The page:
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Scientists Produce Ultralight Carbon Nanotube Material

Aerographite (Hamburg University of Technology)

Scanning electron microscope image of aerographite (Hamburg University of Technology)

Researchers at Kiel University and Hamburg University of Technology in Germany have developed a network of porous carbon nanotubes that they say is the lightest material in the world. The research team, which includes a colleague from the Leibniz Institute of Surface Modification in Leipzig, published its findings online in the journal Advanced Materials.

The material, called aerographite, is made from a network of porous carbon tubes, three-dimensionally interwoven at the nano and micro levels. Aerographite weights 0.2 milligrams per cubic centimeter, making it 75 times lighter than Styrofoam, but still remains strong. The material, say the researchers, is colored jet-black, stable, electrically conductive, ductile, and opaque.

Up to now, the lightest material was made of nanoscale nickel tubes, but nickel has a higher atomic mass than carbon. The nanotubes in aerographite also have porous walls, which decreases its weight further.

Among aerographite’s properties is resilience, despite its low weight. Lightweight materials can normally withstand compression but not tension. Aerographite, on the other hand, can be compressed up to 95 percent and pulled back to its original form without any damage. Other materials, say the researchers, become weaker and less stable when exposed to such stress.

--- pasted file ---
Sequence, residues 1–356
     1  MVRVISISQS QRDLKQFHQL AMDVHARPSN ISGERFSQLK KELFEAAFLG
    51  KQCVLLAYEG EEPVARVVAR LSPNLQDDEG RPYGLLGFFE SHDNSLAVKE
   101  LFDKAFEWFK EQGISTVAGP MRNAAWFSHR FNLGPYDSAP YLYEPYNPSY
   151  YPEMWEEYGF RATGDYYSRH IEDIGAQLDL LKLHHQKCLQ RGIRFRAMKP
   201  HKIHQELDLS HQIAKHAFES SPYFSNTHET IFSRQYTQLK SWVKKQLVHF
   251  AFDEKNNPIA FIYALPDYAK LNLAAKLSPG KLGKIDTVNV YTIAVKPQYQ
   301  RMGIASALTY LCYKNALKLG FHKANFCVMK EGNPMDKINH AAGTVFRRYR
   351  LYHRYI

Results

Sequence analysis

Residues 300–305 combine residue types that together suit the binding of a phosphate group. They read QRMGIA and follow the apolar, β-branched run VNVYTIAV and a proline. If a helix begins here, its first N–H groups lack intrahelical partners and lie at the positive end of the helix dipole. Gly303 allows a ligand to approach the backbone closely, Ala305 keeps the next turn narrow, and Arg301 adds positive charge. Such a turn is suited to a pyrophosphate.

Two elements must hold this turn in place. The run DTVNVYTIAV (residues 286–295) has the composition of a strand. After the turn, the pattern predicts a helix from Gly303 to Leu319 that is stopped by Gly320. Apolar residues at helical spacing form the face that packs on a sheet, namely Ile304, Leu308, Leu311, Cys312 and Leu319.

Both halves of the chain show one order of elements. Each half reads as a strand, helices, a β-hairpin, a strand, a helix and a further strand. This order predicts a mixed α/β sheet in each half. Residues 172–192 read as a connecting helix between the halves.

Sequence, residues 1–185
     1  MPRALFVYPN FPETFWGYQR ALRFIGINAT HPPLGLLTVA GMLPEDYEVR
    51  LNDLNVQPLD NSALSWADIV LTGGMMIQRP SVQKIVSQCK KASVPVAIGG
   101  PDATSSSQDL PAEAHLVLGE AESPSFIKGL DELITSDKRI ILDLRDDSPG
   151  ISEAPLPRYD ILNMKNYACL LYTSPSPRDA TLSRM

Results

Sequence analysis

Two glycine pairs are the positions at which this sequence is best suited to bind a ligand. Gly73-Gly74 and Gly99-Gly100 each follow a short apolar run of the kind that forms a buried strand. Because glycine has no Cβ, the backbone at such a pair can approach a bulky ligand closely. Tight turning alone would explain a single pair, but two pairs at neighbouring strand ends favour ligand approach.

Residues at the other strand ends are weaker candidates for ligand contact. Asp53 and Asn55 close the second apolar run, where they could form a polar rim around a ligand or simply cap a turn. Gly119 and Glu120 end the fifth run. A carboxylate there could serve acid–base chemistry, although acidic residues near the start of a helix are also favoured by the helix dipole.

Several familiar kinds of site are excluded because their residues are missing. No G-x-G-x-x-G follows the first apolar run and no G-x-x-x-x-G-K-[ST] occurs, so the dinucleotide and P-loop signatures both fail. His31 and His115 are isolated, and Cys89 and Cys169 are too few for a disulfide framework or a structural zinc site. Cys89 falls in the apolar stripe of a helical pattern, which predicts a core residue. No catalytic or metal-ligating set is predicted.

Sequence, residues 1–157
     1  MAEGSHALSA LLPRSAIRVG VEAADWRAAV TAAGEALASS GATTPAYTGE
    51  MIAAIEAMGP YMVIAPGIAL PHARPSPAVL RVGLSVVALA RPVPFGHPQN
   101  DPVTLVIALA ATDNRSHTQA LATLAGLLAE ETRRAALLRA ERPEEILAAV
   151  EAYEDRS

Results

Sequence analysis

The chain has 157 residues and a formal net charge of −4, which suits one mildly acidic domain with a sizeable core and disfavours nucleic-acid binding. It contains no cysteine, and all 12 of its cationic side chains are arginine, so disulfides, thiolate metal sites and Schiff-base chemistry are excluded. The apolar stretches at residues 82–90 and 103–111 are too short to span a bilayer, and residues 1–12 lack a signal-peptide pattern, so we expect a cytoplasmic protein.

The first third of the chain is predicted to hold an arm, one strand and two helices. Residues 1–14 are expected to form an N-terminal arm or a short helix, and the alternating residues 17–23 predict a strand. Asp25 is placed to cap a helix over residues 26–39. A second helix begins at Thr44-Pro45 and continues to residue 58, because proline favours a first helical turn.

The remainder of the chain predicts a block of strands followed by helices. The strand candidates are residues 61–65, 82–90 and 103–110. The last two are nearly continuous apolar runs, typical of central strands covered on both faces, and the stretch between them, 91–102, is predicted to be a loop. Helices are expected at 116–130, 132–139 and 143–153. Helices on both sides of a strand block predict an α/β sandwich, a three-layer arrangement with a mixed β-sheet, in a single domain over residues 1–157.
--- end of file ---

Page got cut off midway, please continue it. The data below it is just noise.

The Kiel team started with zinc oxide powder, which when heated to 900 degrees C, becomes crystalline. The Kiel researchers then formed zinc oxide crystals into a pill-shaped skeleton that formed nano- and microscale structures called tetrapods. The tetrapods then interweaved and constructed a network of particles, making the pill-shaped skeleton porous.

The Hamburg team put the tetrapod pill into a reactor, heated to 760 degrees C for chemical vapor deposition. Karl Schulte, a professor in Hamburg’s Institute of Polymers and Composites, describes the the inside of the reactor as “a steaming gas atmosphere that is enriched with carbon,” which adds a coating of a few atomic layers of carbon to the zinc oxide skeleton. At the same time, hydrogen is introduced, which reacts with the oxygen in the zinc oxide to form steam and zinc gas, leaving the aerographite in a network of interwoven tubes.

The properties of aerographite can be manipulated further say the researchers. “The faster we get the zinc out, the more porous the tube’s walls get and the lighter is the material,” says Hamburg’s Matthias Mecklenburg.

One application of aerographite is in lithium-ion batteries, which could reduce the weight of the batteries, making them more useful for small cars and powered bicycles. Other applications include adding electrical conductivity to plastics, electronics for aviation and satellites, and in water purification.

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